Where’s the Melody?
We also have the modern versions of the ‘atonal’ scores. We’re used to hearing these in horror movies but they happen in other genres as well. It could be argued that some modern horror scores are nothing more than sound design. There doesn’t seem to be any traditional composition in there at all. Traditional symphonic writing has taken a back seat to this style in recent years. There are some producers and directors who don’t want to hear actual melodies in their scores. Fearing that it may sound dated, or too traditional, they prefer the sound design method.
Music for Airports
The other way these sound design elements have been integrated into modern scores is through loops. There are the ambient ‘Eno’ type of loops that enhance the mood of the scene while almost being invisible to the audience. Most of the time these loops are made up of nothing more than ambient sound and noises looped and synched to a specific tempo. You get the feel of motion and music without actually hearing a harmony or melody. It’s also become normal to incorporate these loops under a traditional score so you get the element of the noise background while hearing a traditional instrument or melody. Most modern scores are made up of these elements.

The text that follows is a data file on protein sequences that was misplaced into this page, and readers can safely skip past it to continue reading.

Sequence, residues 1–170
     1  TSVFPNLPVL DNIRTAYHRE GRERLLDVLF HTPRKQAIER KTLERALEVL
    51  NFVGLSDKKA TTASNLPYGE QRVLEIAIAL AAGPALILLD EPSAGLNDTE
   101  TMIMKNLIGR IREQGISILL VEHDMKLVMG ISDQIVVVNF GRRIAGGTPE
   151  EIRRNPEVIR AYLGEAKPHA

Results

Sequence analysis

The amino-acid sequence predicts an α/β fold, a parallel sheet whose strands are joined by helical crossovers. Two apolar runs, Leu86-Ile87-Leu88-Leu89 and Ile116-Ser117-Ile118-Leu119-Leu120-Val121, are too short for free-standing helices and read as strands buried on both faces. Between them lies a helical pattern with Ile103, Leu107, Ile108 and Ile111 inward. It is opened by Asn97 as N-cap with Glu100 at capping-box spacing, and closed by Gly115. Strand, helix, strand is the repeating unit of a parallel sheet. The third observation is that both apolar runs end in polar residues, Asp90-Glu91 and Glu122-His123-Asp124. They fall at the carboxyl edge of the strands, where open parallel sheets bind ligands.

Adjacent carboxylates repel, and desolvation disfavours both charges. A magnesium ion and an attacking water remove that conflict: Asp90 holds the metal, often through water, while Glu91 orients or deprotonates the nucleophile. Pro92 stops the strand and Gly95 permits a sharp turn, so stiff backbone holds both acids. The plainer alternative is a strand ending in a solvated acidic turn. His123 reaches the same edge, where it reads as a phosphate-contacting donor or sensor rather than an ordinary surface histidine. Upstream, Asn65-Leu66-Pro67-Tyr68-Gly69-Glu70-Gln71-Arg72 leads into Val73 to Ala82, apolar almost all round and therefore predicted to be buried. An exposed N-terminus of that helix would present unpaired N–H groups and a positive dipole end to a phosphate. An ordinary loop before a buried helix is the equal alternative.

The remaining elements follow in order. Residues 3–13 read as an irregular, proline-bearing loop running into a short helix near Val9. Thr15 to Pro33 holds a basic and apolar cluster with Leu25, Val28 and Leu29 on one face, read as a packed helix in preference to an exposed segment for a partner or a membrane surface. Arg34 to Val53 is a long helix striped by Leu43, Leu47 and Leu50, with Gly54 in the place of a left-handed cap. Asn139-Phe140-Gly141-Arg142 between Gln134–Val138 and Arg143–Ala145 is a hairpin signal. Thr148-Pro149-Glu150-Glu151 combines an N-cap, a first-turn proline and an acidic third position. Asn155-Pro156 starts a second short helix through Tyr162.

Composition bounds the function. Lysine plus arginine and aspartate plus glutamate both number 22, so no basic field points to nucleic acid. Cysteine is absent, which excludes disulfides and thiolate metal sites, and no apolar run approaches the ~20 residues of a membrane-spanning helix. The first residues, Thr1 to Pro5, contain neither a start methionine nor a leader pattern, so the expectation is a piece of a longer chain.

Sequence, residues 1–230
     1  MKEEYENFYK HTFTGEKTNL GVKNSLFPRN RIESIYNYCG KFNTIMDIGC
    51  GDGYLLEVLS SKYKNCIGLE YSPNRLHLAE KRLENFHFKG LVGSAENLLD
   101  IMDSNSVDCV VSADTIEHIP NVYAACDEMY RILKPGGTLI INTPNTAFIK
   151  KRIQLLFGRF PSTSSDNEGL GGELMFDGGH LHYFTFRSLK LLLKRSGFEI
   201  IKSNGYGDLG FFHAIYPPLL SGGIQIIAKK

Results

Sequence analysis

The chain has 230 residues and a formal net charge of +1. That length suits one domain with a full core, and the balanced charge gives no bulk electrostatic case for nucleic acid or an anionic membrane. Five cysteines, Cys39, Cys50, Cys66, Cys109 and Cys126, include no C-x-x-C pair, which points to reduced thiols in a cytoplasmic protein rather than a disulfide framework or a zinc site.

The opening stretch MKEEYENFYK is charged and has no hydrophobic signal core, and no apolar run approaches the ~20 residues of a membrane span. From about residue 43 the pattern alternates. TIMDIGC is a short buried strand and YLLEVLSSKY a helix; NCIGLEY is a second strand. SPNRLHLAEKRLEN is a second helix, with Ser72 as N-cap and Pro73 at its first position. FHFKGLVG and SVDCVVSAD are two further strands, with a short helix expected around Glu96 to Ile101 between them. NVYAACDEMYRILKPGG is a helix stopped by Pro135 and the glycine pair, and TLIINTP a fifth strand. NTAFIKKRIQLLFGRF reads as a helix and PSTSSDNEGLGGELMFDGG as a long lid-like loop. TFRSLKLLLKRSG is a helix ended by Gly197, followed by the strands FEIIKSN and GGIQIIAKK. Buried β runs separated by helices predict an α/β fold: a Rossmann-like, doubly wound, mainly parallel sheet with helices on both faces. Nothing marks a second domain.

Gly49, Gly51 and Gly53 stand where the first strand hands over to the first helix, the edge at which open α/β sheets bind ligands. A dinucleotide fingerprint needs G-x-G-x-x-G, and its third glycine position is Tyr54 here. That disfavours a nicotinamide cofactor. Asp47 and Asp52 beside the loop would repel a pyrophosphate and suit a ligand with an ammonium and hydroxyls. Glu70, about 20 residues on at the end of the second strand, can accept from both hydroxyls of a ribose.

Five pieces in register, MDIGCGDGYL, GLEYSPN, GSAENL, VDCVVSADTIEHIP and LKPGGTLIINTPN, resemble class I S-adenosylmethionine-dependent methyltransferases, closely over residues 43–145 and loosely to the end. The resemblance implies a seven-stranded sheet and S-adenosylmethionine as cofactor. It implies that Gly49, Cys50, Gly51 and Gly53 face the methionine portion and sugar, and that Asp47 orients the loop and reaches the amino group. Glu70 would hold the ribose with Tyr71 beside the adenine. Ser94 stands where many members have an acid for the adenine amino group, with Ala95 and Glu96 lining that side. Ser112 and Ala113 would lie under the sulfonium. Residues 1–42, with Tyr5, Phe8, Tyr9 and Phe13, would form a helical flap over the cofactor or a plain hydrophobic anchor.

50 Piece Percussion Sections
Percussion has also taken a bigger role in recent years. It has become commonplace for composers to interject rhythmic elements only; forgoing any melody or harmony. Traditional action films used to be underscored with big orchestras with soaring strings and blasting horns. While the strings and horns are still used (sometimes too much!), drums and percussion have to take center stage in most action films. While percussion is not considered sound design in the traditional sense, it’s hard to tell sometimes where the line is drawn. The drums will enhance action scenes and move the audience and become part of the sound of the scene. In some battle scenes, it’s hard to tell if the drums are part of the scene, or part of the the score.
There have even been composers who have written scores for movies that have no composition at all. It’s all sound FX and sound design. There is one famous case where a composer won out the scoring duties for a huge Hollywood feature. The actual soundtrack was nothing more than a (hugely popular) sample CD, edited and pieced together for the final picture. It was all sound FX.
Here to Stay
Like it or not, sound design elements, atonal elements and loops are all part of the modern score. It happens so much that it has become part and parcel of the modern film score. There are times where a composer will go of their way to not include these elements but it’s usually on purpose (in an effort to make the score ‘more traditional’). The line where the score and composition ends and the sound design begins is becoming harder and harder to discern. Like it not, whether you realize it or not, sound FX is becoming part of your regular listening experience.